‘Ev­ery time I laugh or have an or­gasm I fall asleep...’

MUM’S RARE MED­I­CAL CON­DI­TION IS NO JOKE

Daily Star Sunday - - FRONT PAGE - ■ EX­CLU­SIVE by FELIC­ITY CROSS

ONE woman’s rare med­i­cal dis­or­der is no laugh­ing mat­ter…

Jessica Southall “falls asleep” if she ex­pe­ri­ences strong emo­tions.

The 20-year-old mum can nod off while gig­gling or even while hav­ing an or­gasm.

Poor Jess gets so ex­hausted she has to sleep for up to 13 hours ev­ery day.

Her con­di­tion – nar­colepsy with cat­a­plexy – means her mus­cles to­tally re­lax when it kicks in, mak­ing it look as though she is kip­ping.

Jessica even suf­fered her de­bil­i­tat­ing “sleep at­tacks” while she was in labour with her daugh­ter Briella, now a year old.

She al­ways has to make sure she is sit­ting down if she wants to watch some­thing funny on TV.

Jessica, from Not­ting­ham, said: “One minute I’ll be there in stitches laugh­ing my head off, not able to stop…

“The next mo­ment my head is on my chest or I’m ly­ing on the floor.

“I’m fully awake – I can hear ev­ery­thing but I can’t talk and I can’t move.

“I can’t re­spond or snap out of it un­til the emo­tion stops. To any other per­son it looks like I’ve fallen asleep.

“It hap­pens when I or­gasm too. When me and my part­ner were first dat­ing it was near enough ev­ery time.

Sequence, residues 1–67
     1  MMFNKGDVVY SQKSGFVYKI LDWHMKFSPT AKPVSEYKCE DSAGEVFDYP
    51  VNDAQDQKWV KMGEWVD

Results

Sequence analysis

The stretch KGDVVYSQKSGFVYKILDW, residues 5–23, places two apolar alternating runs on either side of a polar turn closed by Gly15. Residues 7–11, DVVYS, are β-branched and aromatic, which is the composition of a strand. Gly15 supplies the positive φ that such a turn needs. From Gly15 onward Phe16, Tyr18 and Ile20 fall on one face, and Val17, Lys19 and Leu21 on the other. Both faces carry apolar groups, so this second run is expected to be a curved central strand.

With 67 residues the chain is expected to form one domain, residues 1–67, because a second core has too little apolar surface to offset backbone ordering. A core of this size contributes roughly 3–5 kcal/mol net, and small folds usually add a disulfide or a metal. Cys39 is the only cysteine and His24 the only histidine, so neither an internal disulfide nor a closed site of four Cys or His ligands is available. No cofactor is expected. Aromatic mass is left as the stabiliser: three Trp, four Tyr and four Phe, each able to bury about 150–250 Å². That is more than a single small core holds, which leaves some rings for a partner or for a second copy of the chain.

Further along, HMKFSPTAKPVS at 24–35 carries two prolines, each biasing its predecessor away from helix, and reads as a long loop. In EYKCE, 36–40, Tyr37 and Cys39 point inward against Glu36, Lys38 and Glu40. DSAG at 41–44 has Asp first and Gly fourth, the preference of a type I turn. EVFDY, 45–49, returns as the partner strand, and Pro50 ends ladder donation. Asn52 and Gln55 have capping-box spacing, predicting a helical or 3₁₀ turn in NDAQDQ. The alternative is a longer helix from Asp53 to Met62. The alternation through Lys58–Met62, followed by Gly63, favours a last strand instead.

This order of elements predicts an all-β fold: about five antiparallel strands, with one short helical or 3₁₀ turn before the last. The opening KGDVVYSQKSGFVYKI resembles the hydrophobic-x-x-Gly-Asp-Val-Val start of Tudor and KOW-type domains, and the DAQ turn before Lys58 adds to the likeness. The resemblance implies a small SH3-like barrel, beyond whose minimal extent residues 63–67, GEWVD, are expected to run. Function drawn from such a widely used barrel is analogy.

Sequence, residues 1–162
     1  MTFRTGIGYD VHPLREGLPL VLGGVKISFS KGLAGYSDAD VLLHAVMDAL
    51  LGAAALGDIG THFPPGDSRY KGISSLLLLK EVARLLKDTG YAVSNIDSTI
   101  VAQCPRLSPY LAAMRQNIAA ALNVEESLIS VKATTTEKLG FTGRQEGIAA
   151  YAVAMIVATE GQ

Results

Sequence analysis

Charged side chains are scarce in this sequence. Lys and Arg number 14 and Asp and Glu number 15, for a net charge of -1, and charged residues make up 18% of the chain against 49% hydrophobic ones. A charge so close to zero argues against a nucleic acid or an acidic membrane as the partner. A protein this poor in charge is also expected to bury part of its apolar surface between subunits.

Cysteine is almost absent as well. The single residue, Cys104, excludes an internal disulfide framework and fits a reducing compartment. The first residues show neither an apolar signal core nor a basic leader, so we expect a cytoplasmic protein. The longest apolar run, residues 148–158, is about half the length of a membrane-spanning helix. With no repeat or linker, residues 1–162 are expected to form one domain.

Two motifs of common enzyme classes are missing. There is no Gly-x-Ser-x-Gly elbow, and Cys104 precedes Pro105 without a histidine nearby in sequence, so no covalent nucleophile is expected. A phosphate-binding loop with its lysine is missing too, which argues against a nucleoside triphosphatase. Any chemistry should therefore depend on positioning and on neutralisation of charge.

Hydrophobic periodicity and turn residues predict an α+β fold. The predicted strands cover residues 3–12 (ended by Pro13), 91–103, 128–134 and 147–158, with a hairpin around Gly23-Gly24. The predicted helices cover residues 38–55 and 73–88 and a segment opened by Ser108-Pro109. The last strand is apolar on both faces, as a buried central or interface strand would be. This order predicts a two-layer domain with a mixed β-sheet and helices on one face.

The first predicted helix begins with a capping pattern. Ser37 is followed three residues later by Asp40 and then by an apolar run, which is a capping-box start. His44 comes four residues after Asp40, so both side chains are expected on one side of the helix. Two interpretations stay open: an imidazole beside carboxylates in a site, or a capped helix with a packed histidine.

“I just had to ex­plain to him that it’s only go­ing to hap­pen when he makes me feel at my very best. But it’s not ideal.

“It might sound funny – and I do try to be light-hearted about it – but it’s hor­ri­ble re­ally.” Jessica be­gan to get ex­treme ex­haus­tion aged 15.

She found her­self fall­ing asleep in lessons, on the bus to school and even in the mid­dle of con­ver­sa­tions.

Jessica suf­fered her first cat­a­plexy at­tack, where her mus­cles re­lax and go weak, at the age of 16.

She was car­ry­ing two cups of tea when her aunt told a cheeky joke.

It made Jessica laugh so much she in­vol­un­tar­ily dropped both the steam­ing brews when her hands “went to sleep”.

Soon her chin was drop­ping to her chest ev­ery time she gig­gled or heard a joke.

A fit of laugh­ter would see her col­laps­ing on the floor in a heap.

Months of tests and scans re­vealed she had nar­colepsy, a neu­ro­log­i­cal con­di­tion which af­fects the brain’s abil­ity to reg­u­late its nor­mal sleep-wake cy­cle.

She was also di­ag­nosed with the re­lated con­di­tion cat­a­plexy – sud­den mus­cu­lar weak­ness trig­gered by strong emo­tions such as laugh­ter, anger and sur­prise.

A com­bi­na­tion of the two means she falls asleep when she laughs, cries re­ally hard, or ex­pe­ri­ences ex­treme plea­sure.

Jessica added: “At my worst I was col­laps­ing ev­ery time I laughed.”

“I’ve learned – I know my body now so if I’m go­ing to laugh I’ll grab some­thing to hold on to so when my mus­cles get weak I’ll be okay.”

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